Tracee Ellis Ross and Anthony Anderson entering “Erotic City” in the Prince tribute episode of Black-ish.
On Tuesday night, Black-ish turned its 100th episode into a half-hour tribute to the music and legacy of Prince Rogers Nelson. In an installment called “Purple Rain,” Dre (Anthony Anderson), Bow (Tracee Ellis Ross), and older members of the Johnson family attempt to school young twins Jack (Miles Brown) and Diane (Marsai Martin) on the significance of His Royal Badness and, in the process, stage musical performances that pay homage to his videos and films. Many of the greats — “Kiss,” “Erotic City,” “Sexy MF,” “Purple Rain” — were brought back to life, Black-ish style, with Anderson, Ross, Yara Shahidi (whose father, Afshin Shahidi, was Prince’s personal photographer), and Martin even dressing up like the late singer.
Ahead of the episode’s airing, Black-ish showrunner Kenny Smith spoke to Vulture about how the milestone episode came about and what was involved in getting the rights to all those Prince songs.
How did the concept of a Prince episode first arise?
Over the summer, when we got together the first week [of the new season], Kenya [Barris] came in and told us this story about how he was at dinner with some friends and there was a guy in his twenties and they started playing Prince on the restaurant system. He was like, “Who is this?” Kenya was flabbergasted. “What do you mean, who is this? This is Prince.”
I would have just thrown down my napkin and walked out of the restaurant.
[Laughs] Kenya actually gave him a list of songs he had to listen to. Later on the guy called him back — he went through Purple Rain and Sign o’ the Times, and he was a huge Prince fan by the end. So Kenya said he wanted to do an episode where one of the kids didn’t know who Prince was. We started developing it from there.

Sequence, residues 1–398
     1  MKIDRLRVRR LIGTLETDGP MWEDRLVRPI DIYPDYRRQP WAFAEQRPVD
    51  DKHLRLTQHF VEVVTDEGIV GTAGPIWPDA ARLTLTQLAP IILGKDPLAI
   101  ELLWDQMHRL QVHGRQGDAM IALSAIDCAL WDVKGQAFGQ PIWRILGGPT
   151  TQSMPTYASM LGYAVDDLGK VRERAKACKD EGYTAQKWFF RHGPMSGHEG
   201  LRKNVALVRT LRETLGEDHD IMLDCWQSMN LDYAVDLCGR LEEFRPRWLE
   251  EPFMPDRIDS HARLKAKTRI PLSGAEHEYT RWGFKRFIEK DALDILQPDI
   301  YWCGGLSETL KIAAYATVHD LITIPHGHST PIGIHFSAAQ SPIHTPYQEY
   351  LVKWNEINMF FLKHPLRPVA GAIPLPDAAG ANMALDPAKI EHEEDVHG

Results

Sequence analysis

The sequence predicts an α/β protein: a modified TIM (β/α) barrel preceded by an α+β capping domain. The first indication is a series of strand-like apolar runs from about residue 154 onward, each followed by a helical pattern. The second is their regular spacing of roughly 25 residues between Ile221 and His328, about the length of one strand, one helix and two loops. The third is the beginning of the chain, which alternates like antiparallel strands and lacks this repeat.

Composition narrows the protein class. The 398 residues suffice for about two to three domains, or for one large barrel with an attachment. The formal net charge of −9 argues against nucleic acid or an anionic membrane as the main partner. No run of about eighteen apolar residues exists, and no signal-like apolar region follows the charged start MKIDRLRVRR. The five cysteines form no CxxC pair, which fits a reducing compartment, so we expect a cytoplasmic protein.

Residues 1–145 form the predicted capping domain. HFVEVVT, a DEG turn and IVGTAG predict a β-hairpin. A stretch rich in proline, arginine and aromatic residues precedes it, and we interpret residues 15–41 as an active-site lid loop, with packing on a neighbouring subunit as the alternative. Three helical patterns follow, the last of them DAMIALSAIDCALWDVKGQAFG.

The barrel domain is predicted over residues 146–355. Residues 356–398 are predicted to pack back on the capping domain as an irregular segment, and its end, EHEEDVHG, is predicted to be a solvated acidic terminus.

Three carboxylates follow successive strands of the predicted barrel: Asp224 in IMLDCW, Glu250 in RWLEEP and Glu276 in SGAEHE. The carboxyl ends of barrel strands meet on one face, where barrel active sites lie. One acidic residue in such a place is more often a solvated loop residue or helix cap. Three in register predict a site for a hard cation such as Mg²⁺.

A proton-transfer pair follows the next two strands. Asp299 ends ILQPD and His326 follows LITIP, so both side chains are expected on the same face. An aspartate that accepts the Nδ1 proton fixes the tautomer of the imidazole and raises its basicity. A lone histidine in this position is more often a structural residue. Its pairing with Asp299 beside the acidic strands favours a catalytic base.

To do this, you obviously needed the permission to use all the Prince music that you use.
From the estate.
Right, from the estate. What was that process like? Was it difficult?
I believe Kenya and one of our music supervisors had a relationship with the estate. When they had the conversation, they thought it was a great fit for the show and for them, so they opened up the whole library to us, except for like a couple songs.
That’s incredible. If Prince were still alive, do you think that you could have gotten that kind of permission? My guess is no.
You know what, I don’t know. I know that he was a fan of Anthony’s and he knew Tracee. And Kenya, he knows everybody. So I don’t know.
And with Yara Shahidi’s dad having been Prince’s photographer, there’s a lot of connections between him and the show. In terms of the writing process, did you choose the songs before working on the episode?